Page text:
Tuesday, April 12, 2016

Cheap Imports Make Corn Glut Worse

Wall Street Journal:

Even as record harvests have left the U.S. awash in corn, imports of the crucial animal feed are surging. It is happening because moves in currencies, ocean shipping fees and railroad rates have combined to produce an unexpected result: Bringing in corn from places like Brazil and Argentina can be cheaper for poultry and livestock producers in the U.S. Southeast than buying it from the Midwest....
Imports remain a very small part of the market in the U.S., the world’s largest exporter of corn. Still, the notable surge is a telling indicator of how the commodity bust and strong dollar have distorted prevailing patterns of commerce.
The U.S. Agriculture Department projected Tuesday that buyers would import 50 million bushels of the grain this season, up 56% from last season, even as U.S. bins swell with grain. U.S. buyers haven’t imported that much corn since 2012-2013, when a severe drought slashed domestic production, sending futures prices to all-time highs....
 The rise in imports follows a multiyear boom in American agriculture during which Midwestern farmers ramped up production to satisfy burgeoning demand from a growing biofuels industry at home and increasingly wealthy populations in emerging markets.
The rest of the world followed suit. Brazil, the second-largest corn exporter behind the U.S., is on track this season to harvest its second-largest corn crop on record, as is Argentina. Exporters in Argentina were offering corn at a roughly 6% discount to U.S. supplies for a period earlier this year, and Brazilian corn was cheaper than its U.S. counterpart for much of last year....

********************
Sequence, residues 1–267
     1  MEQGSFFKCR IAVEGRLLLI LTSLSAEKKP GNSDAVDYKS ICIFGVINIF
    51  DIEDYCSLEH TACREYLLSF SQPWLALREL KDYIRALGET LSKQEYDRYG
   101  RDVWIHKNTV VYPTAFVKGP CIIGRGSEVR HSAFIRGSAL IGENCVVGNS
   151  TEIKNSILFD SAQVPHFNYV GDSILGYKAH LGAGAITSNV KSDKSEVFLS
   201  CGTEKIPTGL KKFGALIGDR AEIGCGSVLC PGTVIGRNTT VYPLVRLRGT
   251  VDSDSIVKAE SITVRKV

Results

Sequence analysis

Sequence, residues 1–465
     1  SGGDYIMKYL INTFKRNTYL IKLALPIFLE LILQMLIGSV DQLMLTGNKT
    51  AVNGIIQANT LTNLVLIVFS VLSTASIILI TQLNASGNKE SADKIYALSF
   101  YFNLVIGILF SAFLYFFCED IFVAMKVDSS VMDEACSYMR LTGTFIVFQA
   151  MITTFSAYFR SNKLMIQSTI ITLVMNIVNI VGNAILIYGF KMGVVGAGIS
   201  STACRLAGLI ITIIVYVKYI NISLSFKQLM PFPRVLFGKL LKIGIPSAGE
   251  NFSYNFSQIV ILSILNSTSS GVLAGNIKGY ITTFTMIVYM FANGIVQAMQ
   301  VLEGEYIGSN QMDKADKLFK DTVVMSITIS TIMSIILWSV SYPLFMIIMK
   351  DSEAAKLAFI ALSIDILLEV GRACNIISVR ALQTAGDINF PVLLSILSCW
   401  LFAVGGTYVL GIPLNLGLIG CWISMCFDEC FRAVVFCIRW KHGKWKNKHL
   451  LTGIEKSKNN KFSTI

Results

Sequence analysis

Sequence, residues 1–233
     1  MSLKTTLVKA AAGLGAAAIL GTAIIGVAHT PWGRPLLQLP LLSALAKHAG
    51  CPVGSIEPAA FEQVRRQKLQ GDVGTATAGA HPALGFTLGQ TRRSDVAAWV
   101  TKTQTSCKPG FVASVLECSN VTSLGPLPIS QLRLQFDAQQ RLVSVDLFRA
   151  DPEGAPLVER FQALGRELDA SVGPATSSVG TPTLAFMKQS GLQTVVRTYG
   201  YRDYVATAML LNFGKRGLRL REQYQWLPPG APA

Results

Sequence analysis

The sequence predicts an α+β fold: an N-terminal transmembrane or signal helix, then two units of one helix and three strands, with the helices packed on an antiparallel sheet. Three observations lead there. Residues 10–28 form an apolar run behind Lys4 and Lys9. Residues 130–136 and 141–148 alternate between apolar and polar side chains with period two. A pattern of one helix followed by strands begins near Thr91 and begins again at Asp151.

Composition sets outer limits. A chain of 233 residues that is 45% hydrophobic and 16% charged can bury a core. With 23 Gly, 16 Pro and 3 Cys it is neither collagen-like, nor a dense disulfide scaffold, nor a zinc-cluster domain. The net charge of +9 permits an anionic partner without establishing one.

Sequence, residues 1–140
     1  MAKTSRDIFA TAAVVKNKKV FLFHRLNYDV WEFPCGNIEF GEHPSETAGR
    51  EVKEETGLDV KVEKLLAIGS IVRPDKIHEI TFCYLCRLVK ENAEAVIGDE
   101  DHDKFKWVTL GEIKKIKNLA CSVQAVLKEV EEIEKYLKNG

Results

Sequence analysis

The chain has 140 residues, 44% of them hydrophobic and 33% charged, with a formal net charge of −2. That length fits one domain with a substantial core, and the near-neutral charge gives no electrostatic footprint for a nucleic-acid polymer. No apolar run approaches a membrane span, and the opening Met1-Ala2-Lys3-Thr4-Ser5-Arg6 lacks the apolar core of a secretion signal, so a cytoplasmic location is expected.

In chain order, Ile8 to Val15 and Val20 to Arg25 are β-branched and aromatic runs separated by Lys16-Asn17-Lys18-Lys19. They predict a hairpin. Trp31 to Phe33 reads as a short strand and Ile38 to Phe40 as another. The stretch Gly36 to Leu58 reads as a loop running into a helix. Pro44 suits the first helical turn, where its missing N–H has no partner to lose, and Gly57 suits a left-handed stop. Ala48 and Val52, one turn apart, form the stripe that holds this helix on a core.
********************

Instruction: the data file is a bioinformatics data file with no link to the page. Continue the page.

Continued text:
In April, it could cost about $0.80 to $1.50 a bushel to ship corn from west to east in the U.S. by rail, while per-bushel costs to ship corn from South America to the U.S. recently have ranged from about $0.35 to $0.50.
Things are going to get really, really ugly in the next few years.  We had 25 years of low prices after the last grain price boom in the Seventies.  I wouldn't be surprised if we had another very long agricultural depression.  With Brazil and Argentina growing huge crops and needing to bring in as many dollars as possible, I think we will have a really hard time getting back to the windfall prices we got used to from 2007 until the last year and a half.  A bumper crop bailed us out last year, but any more large harvests are just going to further depress prices.  I would strongly suggest avoiding agricultural land as an investment vehicle.

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